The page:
Relax and take in the glorious scenery from Glasgow to Fort William, before enjoying the final section in first class style as the steam train meanders its way from Fort William to Mallaig. But that's not your final destination: from here you take the ferry 'over the sea to Skye' to a beautiful hotel in a tiny village with stunning coastal views.
Day One: From Glasgow to Fort William on the West Highland Line
You start your rail journey in Glasgow travelling north on the Scotrail regular service, past Loch Lomond, over Rannoch Moor and past Ben Nevis, to reach your first base in the highland village of Spean Bridge. Along the way make sure to enjoy the views and marvel at the engineering prowess needed to create the railway, which actually “floats” on the moorland for long stretches.
With views toward Ben Nevis, this family-run small hotel is a popular restaurant serving organic, home-cooked food and also has comfortable but informal accommodation. On arrival, you will be greeted with fresh tea and home-made scones. Settle into your room to unwind, or take a stroll down the quiet country lanes for amazing views of Ben Nevis, Loch Lochy and the Great Glen and work up an appetite for dinner. There are comfy sofas and cosy corners in the sitting rooms with a library of books begging to be looked at and, when the need arises, real fires to warm your toes. This is a perfect haven for a relaxing break whatever time of year, where the pace of life slows the minute you arrive.
The hotel is around a mile from the rail station – and you will be picked up and dropped off as required.
Dinner is included for the next two evenings.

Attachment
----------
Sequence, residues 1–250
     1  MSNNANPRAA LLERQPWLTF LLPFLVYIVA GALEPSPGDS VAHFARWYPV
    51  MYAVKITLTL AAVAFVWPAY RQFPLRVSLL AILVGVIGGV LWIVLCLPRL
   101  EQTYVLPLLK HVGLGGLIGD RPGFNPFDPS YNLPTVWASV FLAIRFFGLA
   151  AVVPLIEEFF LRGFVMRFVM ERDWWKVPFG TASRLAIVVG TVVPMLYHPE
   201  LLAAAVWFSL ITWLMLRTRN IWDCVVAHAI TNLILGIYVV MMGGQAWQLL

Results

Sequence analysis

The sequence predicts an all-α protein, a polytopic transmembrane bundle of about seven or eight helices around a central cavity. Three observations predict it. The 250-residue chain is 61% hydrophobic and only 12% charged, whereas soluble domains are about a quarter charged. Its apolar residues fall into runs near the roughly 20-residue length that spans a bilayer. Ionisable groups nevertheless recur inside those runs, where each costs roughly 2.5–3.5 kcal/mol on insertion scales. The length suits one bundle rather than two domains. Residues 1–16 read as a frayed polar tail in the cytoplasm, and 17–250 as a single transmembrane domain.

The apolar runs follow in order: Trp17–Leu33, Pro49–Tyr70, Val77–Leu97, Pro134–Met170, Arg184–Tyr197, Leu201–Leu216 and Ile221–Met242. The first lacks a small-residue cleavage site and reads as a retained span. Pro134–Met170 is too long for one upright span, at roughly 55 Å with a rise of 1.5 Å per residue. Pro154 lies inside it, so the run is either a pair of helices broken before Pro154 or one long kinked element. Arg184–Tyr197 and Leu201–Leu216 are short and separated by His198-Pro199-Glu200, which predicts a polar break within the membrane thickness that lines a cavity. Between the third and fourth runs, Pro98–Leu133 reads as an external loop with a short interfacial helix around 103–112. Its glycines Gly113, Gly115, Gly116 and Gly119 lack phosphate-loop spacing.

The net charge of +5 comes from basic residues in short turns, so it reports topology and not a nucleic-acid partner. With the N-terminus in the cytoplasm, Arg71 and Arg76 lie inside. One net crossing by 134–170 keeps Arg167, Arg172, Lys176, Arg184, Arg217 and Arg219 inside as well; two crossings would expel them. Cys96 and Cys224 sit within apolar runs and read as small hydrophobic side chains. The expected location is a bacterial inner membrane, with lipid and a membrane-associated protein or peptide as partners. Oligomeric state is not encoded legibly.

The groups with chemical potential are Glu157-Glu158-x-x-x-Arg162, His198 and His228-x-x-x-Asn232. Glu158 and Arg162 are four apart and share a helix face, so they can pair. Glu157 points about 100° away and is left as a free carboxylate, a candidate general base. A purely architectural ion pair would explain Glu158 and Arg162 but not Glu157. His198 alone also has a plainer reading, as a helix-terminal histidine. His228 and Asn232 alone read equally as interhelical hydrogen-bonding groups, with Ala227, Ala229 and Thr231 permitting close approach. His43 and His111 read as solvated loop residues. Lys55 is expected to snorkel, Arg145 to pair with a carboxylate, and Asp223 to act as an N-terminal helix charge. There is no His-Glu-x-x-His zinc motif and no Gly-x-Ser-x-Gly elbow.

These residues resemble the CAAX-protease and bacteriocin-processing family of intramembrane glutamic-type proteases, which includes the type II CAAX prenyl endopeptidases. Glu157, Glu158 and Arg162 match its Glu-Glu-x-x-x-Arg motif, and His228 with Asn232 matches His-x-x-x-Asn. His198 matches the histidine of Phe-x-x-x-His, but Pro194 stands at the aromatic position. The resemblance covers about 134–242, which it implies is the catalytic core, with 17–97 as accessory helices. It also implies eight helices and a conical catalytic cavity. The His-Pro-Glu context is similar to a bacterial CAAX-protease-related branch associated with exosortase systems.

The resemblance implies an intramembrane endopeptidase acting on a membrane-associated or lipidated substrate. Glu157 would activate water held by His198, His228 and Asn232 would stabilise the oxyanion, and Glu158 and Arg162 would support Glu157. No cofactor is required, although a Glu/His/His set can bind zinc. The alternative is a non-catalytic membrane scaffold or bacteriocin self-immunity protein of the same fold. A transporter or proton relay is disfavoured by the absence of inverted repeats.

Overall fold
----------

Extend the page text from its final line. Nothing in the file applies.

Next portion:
Day Two – relaxing in the Highlands
A day at leisure, with options to walk on the nearby trails, take a bus and boat trip to Loch Ness or ride the cable car up Aonach Mor. Do not miss a stroll to the impressive Commando memorial with its commanding views of the glen. Fort William is only 17 minutes away by train if you prefer.
Day Three: by Steam train to the Isle of Skye
This morning, travel on by train to Fort William then join the Jacobite Steam train for the final section of the West Highland Line; your route will include the spectacular Glenfinnan viaduct and finish at Mallaig, the ferry port for Skye. On the way you will also visits Britain’s most westerly mainland railway station (Arisaig), then pass close by the deepest freshwater loch in Britain (Loch Morar), the shortest river in Britain (River Morar) and finally arrive next to the deepest seawater loch in Europe – Loch Nevis.
After a short time in Mallaig, it’s over the sea to Skye, where you will be met by local taxi, for the hour-long trip to Portree, the island’s capital. Your accommodation for the next two nights is another family-run guest house, more traditional in style and boasting a well-preserved Victorian interior.
Uniquely situated only ten minutes walk from the island’s capital, Portree, yet set in 20 acres of woodland garden, this is an ideal base for discovering Skye. Built over 200 years ago, and still run by members of the same local family, the house retains all its original charm and the splendid Victorian interior is wonderfully intact.
Your hosts offer light suppers by prior arrangement, and there are a number of options to dine in Portree itself, just a 10 minute walk into town.
Day Four: Explore the Isle of Skye
Today you will enjoy a full day tour of some of the highlights of the Isle of Skye in the company of one of our hand-picked local guides.
The tour may include visits to The Old Man of Storr, Lealt Falls, Kilt Rock,The Quiraing, The Fairy Glens, Dun Beag Broch, Glenbrittle, The Fairy Pools or The Talisker Distillery Shop, Sligachan and the Red Cuillins.
Day Five: Return home
Today you retrace your steps, back to the ferry then across to Mallaig for an early afternoon crossing and journey by the regular train via Fort William to Glasgow. This will give you another chance to enjoy the wonderful West Highland Line. You will arrive back in the city in the evening, so do ask us for help with accommodation here.
If you prefer we may be able to arrange an earlier arrival, though this may mean a longer rail journey via Inverness, or a very early start from Portree.